Thursday, November 30, 2023

Fonterra units look attractive as plans are executed

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Momentum continues from spectacular annual results.
Jarden’s head of research, Arie Dekker, says Fonterra should consider refining its dividend policy to provide better value for farmers.
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Equities analysts say some of the momentum from Fonterra’s stellar results in the 2023 financial year can be maintained and have lifted their target prices for Fonterra Shareholders Fund units.

Share brokers have rated Fonterra Shareholders Fund (FSF)  “overweight” or “outperform”, which means investors should consider buying more units for possible price gain and for good yields.

Jarden’s head of research, Arie Dekker, who has critically analysed Fonterra for more than a decade, has lifted the 12-month FSF target price by 20% to $4.15.

At the time his note was written the quoted FSF price was $3.46, with a steady upward momentum after the 50c Soprole capital return in mid-August and before the 40c dividend declared on September 21 for payment on October 13.

Craigs Investment Partners senior research analyst Joshua Dale increased the target price for FSF by 30c to $3.80 and maintained the overweight rating.

He has forecast price/earnings ratios around 6x for the next three financial years, certainly among the lowest ratios available on the share market.

Low P/Es signal to investors potentially good dividend yields for the prices paid for shares.

The Craigs forecasts are for 30c, 31c, and 32c dividends over the next three years, with dividend yields around 9%.

Investors in FSF units seem to have latched on to the potential, as those prices exceed the Fonterra Co-operative Group supply shares (FCG) by 30%, currently $3.50 compared with $2.65.

Among the reasons for the disparity is the so-called restricted market discount – farmers can only sell FCG shares to other farmers.

But Dale doesn’t buy that reason entirely, as FCG shares are entitled to the same returns, and thus earn the same yields, as the FSF units.

Previously linked until Fonterra began its recent capital restructure, the units and the shares have diverged, but potentially will return to parity, he said.

Craigs has recommended holding on to FSF units after the 40c dividend is paid because favourable stream returns have continued in the first two months of FY24, plus good prospects for foodservice and consumer products divisions.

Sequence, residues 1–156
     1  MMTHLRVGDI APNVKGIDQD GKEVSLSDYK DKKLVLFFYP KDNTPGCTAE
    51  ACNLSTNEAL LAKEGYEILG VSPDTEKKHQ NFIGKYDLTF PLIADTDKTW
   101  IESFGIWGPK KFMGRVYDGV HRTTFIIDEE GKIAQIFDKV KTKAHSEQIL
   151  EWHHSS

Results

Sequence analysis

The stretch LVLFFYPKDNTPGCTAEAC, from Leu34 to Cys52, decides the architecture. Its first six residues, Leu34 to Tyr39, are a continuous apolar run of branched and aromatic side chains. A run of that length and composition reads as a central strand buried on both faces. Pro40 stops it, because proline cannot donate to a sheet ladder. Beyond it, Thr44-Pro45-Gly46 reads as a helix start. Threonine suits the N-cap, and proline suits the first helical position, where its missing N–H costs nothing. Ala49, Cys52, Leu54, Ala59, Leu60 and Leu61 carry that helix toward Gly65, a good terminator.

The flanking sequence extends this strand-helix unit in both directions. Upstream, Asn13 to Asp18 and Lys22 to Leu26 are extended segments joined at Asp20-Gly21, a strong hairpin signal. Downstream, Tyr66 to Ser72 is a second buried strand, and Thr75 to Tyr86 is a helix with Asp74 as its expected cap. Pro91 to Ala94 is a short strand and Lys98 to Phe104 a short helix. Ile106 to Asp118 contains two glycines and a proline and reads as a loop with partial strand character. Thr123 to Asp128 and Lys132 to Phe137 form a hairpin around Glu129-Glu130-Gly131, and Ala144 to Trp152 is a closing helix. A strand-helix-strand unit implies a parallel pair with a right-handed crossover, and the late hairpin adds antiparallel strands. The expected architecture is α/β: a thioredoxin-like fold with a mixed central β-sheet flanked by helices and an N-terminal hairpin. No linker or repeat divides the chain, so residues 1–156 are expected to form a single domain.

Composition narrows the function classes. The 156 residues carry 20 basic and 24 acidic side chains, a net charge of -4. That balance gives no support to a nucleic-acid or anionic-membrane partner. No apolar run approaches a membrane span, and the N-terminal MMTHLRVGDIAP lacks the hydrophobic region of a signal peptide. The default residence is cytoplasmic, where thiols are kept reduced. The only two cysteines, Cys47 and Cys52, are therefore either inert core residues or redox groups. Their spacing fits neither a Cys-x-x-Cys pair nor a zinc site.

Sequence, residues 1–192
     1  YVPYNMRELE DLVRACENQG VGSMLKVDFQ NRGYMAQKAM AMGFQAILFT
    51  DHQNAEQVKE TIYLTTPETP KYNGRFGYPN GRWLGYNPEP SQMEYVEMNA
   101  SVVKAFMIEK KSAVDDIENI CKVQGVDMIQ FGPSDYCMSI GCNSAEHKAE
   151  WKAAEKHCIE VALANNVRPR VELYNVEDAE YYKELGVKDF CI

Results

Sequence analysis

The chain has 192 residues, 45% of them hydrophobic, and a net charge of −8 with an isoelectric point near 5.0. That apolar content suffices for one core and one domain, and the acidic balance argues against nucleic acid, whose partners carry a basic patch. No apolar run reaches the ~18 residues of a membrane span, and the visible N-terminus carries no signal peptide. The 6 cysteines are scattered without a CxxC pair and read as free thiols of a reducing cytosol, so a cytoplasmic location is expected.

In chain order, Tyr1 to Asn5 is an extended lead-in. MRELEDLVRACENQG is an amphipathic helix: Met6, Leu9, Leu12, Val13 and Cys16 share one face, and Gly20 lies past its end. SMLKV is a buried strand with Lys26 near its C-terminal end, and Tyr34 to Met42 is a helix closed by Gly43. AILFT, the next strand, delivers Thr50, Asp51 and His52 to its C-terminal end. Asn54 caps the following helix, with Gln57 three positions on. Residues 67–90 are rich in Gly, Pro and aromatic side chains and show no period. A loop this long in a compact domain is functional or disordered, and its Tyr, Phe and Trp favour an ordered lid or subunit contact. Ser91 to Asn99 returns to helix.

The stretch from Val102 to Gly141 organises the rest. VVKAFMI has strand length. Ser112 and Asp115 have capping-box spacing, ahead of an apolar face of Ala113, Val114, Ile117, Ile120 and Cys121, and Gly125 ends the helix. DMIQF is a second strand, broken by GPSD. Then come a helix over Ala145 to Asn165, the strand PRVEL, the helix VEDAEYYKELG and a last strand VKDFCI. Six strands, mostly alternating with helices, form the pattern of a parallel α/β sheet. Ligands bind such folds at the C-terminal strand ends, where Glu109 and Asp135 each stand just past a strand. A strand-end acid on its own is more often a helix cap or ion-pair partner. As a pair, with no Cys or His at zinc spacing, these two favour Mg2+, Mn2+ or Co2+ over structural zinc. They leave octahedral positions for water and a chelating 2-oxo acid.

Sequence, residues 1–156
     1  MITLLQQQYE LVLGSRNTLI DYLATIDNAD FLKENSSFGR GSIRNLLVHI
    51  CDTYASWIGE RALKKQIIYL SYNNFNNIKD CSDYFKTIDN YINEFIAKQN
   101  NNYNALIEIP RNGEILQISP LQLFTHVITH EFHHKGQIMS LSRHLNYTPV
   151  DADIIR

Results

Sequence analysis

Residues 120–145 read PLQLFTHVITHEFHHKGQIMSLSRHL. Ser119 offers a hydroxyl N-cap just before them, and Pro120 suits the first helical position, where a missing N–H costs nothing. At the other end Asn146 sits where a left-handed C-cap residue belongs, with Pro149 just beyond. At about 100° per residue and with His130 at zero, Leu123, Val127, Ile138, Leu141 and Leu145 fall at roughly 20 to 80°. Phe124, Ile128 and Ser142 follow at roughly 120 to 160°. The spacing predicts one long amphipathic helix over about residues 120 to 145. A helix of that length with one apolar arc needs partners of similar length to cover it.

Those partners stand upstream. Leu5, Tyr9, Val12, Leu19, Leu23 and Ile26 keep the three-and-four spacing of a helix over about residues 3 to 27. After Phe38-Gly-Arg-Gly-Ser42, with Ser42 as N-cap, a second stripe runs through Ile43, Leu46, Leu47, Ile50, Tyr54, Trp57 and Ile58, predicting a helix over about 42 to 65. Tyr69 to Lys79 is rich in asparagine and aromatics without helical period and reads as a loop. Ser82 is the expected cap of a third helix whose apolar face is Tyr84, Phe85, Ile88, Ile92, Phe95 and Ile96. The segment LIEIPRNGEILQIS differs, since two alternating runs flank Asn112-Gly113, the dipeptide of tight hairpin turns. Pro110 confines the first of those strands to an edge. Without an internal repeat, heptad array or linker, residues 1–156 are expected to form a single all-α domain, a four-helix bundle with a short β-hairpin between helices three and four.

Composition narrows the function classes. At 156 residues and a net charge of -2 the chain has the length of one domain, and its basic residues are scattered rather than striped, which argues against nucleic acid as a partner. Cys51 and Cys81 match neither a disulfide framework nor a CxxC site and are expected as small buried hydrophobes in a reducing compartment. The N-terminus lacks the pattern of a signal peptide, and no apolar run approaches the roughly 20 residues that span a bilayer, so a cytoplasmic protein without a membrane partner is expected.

Analysts Matt Montgomerie and Benjamin Crozier, Forsyth Barr, also cited continued favourable stream returns, from which they think Fonterra has factored in 15c earnings per share delivered in the first half.

The current earnings guidance for FY24 is 45c to 60c.

“Should stream returns remain favourable for longer, earnings upgrades could occur,” they said.

“Even as stream returns normalise, FSF units trade on approximately 8x earnings expectation and a cash yield of 7.2%.”

The balance sheet is in good shape and management has executed well on its plans to date, Forsyth Barr said.

For Jarden, Dekker said his elevated FSF target price of $4.15 is based on the strength of the free cash flow and balance sheet position and the nearer-term stream returns.

“Fonterra is committed to ongoing capital discipline as it enters a phase where it is signalling potential for an increase in non-core investment.”

Dekker called for greater transparency around the recent decision to hold on to its Fonterra Australia business and assets, where performance has been poor – A$1.5 billion of capital earning only NZ$100 million annually.

“Free cash flow generated on a cumulative basis over a sustained period is very poor.

“If Fonterra were to exit [Australia] and could achieve close to book for this asset, it would allow for a significant return of capital to farmers from a business that has not delivered in the last 10 years and where current returns still look marginal to us.”

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